There is a common resistance about this from various quarters. People often see solar systems as expensive and an unpopular choice for captive power. This is however changing. For many commercial off-grid applications, solar PV is already competitive with small gasoline and diesel generators based on levelised cost of energy (LCOE). In its report on Low Carbon Development Opportunities for Nigeria (2013), the World Bank recommends that off-grid solutions be developed using renewable energy sources, commenting that “PV and hybrid systems are already economically competitive for many off-grid applications. Gasoline and diesel generators produce power at LCOE between US$ 0.23 and $0.42/kWh. The cost of electricity from PV and hybrid PV-wind diesel systems are in the range of $0.30/kWh and $0.22/kWh, respectively. As the costs of renewables continue down the learning curve, and fossil fuel prices in Nigeria revert to global market prices (“export parity”), the economic advantages of renewables will become ever greater.”

Renewable energy has been tested and proven to be a reliable source of alternative energy worldwide. We all recall between April and May this year when the shortage of petroleum products nearly shut down this nation. Businesses suffered, banks were shutting down and so were the hospitals too, however with renewable energy this would not have been the case.

Similar challenges of power have affected businesses in India. As a matter of fact, since 2010 there has been an estimated 7% decrease in turnovers from Indian companies because of power shortages. Captive solar systems have come to their rescue however. According to the Energy Alternative India, in July 2013, after solar PV power production was successfully deployed on some level, the LCOE production from small scale captive solar PV power production cost was about Rs8/kWh (N24) including batteries, and after subsidies and incentives had been factored in the calculations. This was against the regular cost of grid supply, which was Rs4-7/kWh (N12.04 – N21.07) and diesel, which was pegged at Rs13-18/kWh (N39.13 – N54.18). This doesn’t include O & M and the environmental costs associated with continuous emission of greenhouse gases into the atmosphere.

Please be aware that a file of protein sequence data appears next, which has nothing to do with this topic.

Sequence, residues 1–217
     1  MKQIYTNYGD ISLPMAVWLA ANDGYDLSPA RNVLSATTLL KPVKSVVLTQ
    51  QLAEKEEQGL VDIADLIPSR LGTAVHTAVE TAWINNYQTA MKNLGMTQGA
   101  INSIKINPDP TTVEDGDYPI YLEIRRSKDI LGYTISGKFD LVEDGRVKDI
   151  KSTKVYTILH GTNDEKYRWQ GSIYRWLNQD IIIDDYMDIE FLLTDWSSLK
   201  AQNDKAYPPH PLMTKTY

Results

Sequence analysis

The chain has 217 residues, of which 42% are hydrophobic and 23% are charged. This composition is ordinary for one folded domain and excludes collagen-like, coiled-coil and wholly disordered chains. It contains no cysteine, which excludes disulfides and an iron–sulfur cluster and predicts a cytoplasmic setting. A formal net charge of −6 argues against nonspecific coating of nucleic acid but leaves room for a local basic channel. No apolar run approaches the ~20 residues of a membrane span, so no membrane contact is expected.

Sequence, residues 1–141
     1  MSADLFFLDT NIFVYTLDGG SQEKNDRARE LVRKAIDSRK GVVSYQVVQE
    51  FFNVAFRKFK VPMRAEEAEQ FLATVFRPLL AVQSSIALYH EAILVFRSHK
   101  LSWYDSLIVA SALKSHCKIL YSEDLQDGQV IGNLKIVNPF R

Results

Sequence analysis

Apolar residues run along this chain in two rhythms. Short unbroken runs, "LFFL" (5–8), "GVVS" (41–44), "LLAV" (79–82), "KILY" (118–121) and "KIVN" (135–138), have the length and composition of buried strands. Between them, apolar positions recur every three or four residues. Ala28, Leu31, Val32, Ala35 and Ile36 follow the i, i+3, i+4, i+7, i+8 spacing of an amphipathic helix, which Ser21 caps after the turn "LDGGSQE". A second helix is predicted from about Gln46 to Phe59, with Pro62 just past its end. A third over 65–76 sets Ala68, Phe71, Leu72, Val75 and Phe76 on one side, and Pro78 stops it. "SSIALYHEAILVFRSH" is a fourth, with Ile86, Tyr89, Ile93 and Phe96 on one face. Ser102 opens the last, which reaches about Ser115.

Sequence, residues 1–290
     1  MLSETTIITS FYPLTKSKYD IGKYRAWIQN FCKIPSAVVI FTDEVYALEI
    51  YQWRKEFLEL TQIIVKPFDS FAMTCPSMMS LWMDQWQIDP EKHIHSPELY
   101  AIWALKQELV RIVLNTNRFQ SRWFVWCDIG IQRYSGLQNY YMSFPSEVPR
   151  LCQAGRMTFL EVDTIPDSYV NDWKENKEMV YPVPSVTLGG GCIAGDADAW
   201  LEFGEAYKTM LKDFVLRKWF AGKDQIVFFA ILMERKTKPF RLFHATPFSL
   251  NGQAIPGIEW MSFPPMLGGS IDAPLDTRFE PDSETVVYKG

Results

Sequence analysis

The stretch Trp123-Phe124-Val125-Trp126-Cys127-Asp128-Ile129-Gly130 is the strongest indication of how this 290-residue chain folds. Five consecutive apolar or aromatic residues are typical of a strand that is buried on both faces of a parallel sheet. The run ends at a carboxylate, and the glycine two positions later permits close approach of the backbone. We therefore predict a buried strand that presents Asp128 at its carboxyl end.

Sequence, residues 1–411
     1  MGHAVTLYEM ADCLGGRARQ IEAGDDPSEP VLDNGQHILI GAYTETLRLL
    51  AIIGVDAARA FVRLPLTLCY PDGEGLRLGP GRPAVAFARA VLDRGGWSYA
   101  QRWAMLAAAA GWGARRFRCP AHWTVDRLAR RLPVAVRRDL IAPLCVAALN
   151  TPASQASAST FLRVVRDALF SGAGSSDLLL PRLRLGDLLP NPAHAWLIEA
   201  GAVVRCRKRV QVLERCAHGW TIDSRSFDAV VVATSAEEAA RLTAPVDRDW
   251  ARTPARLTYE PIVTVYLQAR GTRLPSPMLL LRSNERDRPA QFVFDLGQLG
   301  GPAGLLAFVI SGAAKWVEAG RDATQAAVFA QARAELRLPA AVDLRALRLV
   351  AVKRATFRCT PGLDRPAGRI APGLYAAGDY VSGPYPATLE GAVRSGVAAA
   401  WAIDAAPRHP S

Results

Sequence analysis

Captive generation comes with some distinct advantages for industrial consumers who can generate the power required for their operations and use electrical power optimally since theoretically there are no technical or commercial losses to be dealt with. There should be strong focus supported by policies to stimulate captive renewable energy generation and lower the use of diesel and other fossil fuels in the commercial sector for improved productivity and socio-economic prosperity.

On the prospects of large scale renewable energy installations in Nigeria, I visited the Feldheim Village, a 100% renewable energy community as part of a trade mission in July, 2015. This village has a solar farm with a total of 9844 photovoltaic modules which produces a total power capacity of 25.2 MWp and annual output of 2748 MWh, enough to cover the annual power requirements of around 600 four-person households;  as well as a biogas plant that has an installed electric power capacity of 526 kW with annual biomass input consisting of 8,600m3 of manure, 8,700 tonnes of maize and 190 tonnes of cereal wholegrain all produced and supplied by the local agricultural cooperative within the village. With about 1% of its land mass covered with highly efficient PV modules, Nigeria has a potential for electricity production from solar PV in the range of 207,000 GWh per year.